E: Now, this is a fun idea. Let’s visit our favorite characters and see what they used to be like, back in the day. Which is to say, back before they were slick and intimidating. Chief Webber’s tale probably has the most resonance for the hospital and the show, but Bailey always and forever serves as the heart and moral center of Seattle Grace. We’ve already established that her fierceness is layered on top of old insecurities, so it’s exciting that they’re going to slice all that open and look beneath.
And, is it just me or was that the best opening narrative ever? For the first time I can remember, the v.o. isn’t merely a break in the fourth wall, talking out to the audience; it’s the Chief talking about his alcoholism at rehab. The subject of the day? Surgery as adrenaline addiction. Can you survive it? Does it make you a better person? Or will you sacrifice everything for that high?
Three cases, seen in flash back. Pivotal cases in the lives of three surgeons, as explained during Derek’s newly (re)instituted lecture series. Bailey, Callie and the Chief, (who will not be given his job back, but a provisional job as an Attending, which he initially turns down) will benefit their colleagues by detailing the patients who made them doctors. Chief Webber will give a lecture, though, about learning from your coworkers. He just walks right in and speaks, because he is The Chief. Callie, on the other hand, vomits in horror at the thought of public speaking. And Bailey checks her look in a mirror, where Dr. Warren catches her, of course. He grins and tells her she looks good. She chases him away, gruff but clearly charmed. Oh my goodness. That was so adorable I can’t stand it.
We flash back and forth between the lecture room (with Meredith, Cristina, Jackson, Lexie, Alex and Arizona in attendance) and the past. The Chief lectures gravely. Callie can barely read off her cue cards. Bailey is interactive, making her audience guess the diagnosis, pelting them for not paying attention, and rewarding them with chocolate if they’ve made a good guess. She would have done well with peds.
A mere three days into her internship, Bailey meets a woman with unexplained abdominal pain. Do I buy Bailey with dreads? I don’t know. What I’m not sure I buy is Missy Pyle (so memorable in Galaxy Quest) as the nasty resident Bailey is constantly showing up. You’re swimming with sharks now, the Chief tells her. Make sure you’re a shark too. Mandy, as she was known then, struggles with her upbringing, which has taught her to be polite and deferential. She doesn’t want to be a minnow, but she doesn’t want to be a shark, either! We meet Joe the bartender with a really bad wig. And Bailey with a denim vest. Yuck. Is it just me, or do they all look more 90, grunge-like than 2003? She did say 2003, didn’t she? The whole timeline is a little confusing, since the characters intern year played out over several (was it three? four?) seasons. Be that as it may, in the present we get to see a lot of Dr Ben Warren smiling at Bailey, and that makes up for a lot of ills. Not slimey, just warm and confident; he likes her, he appreciates her, and he knows that it makes her feel good when he shows it. He’s like a big ole luxurious blanket you wrap yourself up in.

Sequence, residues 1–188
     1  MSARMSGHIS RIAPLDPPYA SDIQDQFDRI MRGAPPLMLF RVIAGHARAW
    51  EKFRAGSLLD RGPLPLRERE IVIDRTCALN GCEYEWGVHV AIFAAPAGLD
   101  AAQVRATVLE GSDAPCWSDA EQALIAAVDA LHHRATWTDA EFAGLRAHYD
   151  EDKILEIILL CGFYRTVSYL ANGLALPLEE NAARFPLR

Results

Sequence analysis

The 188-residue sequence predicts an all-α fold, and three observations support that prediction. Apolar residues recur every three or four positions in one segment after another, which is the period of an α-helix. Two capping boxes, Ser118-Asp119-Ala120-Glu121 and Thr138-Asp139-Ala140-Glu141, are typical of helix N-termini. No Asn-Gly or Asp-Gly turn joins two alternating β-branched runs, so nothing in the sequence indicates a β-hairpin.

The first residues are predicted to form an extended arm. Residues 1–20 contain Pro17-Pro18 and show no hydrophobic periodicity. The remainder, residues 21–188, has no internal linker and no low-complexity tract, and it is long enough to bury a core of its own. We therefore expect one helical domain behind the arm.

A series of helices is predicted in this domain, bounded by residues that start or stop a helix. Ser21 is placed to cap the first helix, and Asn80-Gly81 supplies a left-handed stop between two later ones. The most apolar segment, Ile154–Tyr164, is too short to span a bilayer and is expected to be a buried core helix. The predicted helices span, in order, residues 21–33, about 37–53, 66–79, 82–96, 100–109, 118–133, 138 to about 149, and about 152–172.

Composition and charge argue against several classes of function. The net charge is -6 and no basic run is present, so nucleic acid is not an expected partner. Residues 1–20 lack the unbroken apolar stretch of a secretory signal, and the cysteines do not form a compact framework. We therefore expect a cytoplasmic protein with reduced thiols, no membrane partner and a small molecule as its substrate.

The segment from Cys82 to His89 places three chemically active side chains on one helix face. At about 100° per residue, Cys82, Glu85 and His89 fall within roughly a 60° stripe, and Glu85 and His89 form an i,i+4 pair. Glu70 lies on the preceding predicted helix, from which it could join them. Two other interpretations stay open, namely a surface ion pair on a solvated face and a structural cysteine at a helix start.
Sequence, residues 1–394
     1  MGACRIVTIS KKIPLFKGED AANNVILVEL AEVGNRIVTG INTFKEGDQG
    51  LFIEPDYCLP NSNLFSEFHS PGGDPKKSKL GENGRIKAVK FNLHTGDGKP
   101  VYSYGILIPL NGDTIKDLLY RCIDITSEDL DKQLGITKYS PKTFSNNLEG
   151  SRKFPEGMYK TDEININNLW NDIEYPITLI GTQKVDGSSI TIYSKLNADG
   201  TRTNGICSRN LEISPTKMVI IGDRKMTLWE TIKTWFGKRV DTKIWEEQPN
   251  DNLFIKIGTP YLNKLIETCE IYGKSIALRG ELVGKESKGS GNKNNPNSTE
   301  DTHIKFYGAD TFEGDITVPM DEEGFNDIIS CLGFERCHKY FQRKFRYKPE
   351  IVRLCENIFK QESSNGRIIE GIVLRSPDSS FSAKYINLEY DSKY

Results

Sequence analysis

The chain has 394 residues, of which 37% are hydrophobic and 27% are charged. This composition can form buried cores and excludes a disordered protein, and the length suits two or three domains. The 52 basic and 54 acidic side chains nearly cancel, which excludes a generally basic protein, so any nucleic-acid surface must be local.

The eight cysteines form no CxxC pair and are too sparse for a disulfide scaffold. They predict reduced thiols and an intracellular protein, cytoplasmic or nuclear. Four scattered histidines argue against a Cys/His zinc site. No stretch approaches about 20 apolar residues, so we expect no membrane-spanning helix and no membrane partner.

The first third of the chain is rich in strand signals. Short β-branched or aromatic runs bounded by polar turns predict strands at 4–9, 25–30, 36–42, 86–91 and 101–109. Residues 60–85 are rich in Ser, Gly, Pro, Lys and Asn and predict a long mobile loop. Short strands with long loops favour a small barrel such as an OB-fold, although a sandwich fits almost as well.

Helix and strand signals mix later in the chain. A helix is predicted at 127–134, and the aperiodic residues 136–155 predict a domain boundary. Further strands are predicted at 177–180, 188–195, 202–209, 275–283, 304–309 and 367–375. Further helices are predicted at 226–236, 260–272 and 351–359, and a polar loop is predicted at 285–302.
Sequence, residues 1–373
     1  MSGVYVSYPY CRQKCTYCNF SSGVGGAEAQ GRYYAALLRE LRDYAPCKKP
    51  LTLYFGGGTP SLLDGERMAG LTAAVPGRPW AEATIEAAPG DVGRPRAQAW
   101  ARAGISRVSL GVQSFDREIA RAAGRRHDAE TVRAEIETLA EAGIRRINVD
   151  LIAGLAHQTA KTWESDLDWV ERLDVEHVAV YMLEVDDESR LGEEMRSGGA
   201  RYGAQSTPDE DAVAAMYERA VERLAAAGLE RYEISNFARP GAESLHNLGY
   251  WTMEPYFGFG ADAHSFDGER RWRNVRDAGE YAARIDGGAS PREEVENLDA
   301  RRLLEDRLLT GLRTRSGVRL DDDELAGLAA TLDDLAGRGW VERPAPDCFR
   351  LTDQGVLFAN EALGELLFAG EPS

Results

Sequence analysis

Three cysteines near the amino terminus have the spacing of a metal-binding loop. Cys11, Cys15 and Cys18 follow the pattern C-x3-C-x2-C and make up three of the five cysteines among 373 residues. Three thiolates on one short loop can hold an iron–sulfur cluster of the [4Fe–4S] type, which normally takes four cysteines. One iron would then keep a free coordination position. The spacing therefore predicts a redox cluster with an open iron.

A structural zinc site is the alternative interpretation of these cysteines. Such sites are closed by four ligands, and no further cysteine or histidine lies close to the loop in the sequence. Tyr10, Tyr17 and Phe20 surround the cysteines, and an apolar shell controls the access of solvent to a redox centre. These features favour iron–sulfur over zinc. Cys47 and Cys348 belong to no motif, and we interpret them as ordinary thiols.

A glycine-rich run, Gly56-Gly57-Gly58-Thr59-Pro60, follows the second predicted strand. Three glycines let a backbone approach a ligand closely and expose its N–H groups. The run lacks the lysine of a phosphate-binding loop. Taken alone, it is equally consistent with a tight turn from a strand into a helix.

Anyway. Bailey’s intelligence and her meticulous research make a difference, sure, but more than anything, it’s her connection with her patients – with this patient – that enables her to find the proper treatment after months of Pyle’s misses. She doesn’t let her own vanity get in the way (she doesn’t have to cut if the problem isn’t surgical) and she learns not to let anyone else’s vanity or ignorance get in the way of her patients care, either. And it turns out the poor woman has Porphyria. That’s the vampire disease, right? We see Bailey come in to her own in that one speech where she tells off Pyle for being incompetent and uncaring, and it’s perfectly written and delivered.
I like the interweaving of the storylines. Nicely done, writing staff! Callie’s case is more recent, and it was Alex – sniffing out a potentially great case – that brings it to her, works it with her, and coaches her through the debilitating nerves until by the end, she’s sitting on the stage, just chatting. Alex found an Indian grad student whose legs were bent and atrophied from polio. Callie – though they never say how – reconstructs his legs. She tries to do it one massive surgery, but it’s too much, so they spread it out over many. And that’s what she learned – to be bold, yes, and take risks, but also to consider her patient, and not to bite off more than she can chew. In an interesting twist, Alex lies to Callie about being the heart in the elevator guy (which of course was Callie’s eventual husband, George). It’s neat to see her get all excited about that, considering what a major crush she had on George. And then of course the patient codes during a surgery, and Alex is forced to admit at the worst possible moment that it wasn’t him and he doesn’t know how to do save the guy. Just because you haven’t, doesn’t mean you can’t, she tells him. And when the patient could walk, as she promised, Callie and Alex “celebrated.” Arizona catches on to what that means immediately, even though she can’t quite believe it. Oh, gross. Really? I’m sorry, but there’s no way Alex wouldn’t have brought that up before to torment George. It’s consistent with their personalities that they’d have sex to celebrate. I absolutely buy that. If they’d worked that closely together for months … no, there’s no way that Alex wouldn’t have used this to get at George. We would have seen signs. You can’t rewrite the past that way. It’s a fun storyline, though perhaps less emotionally resonant. We get a lovely moment when the student moves his toes for the first time since he was seven.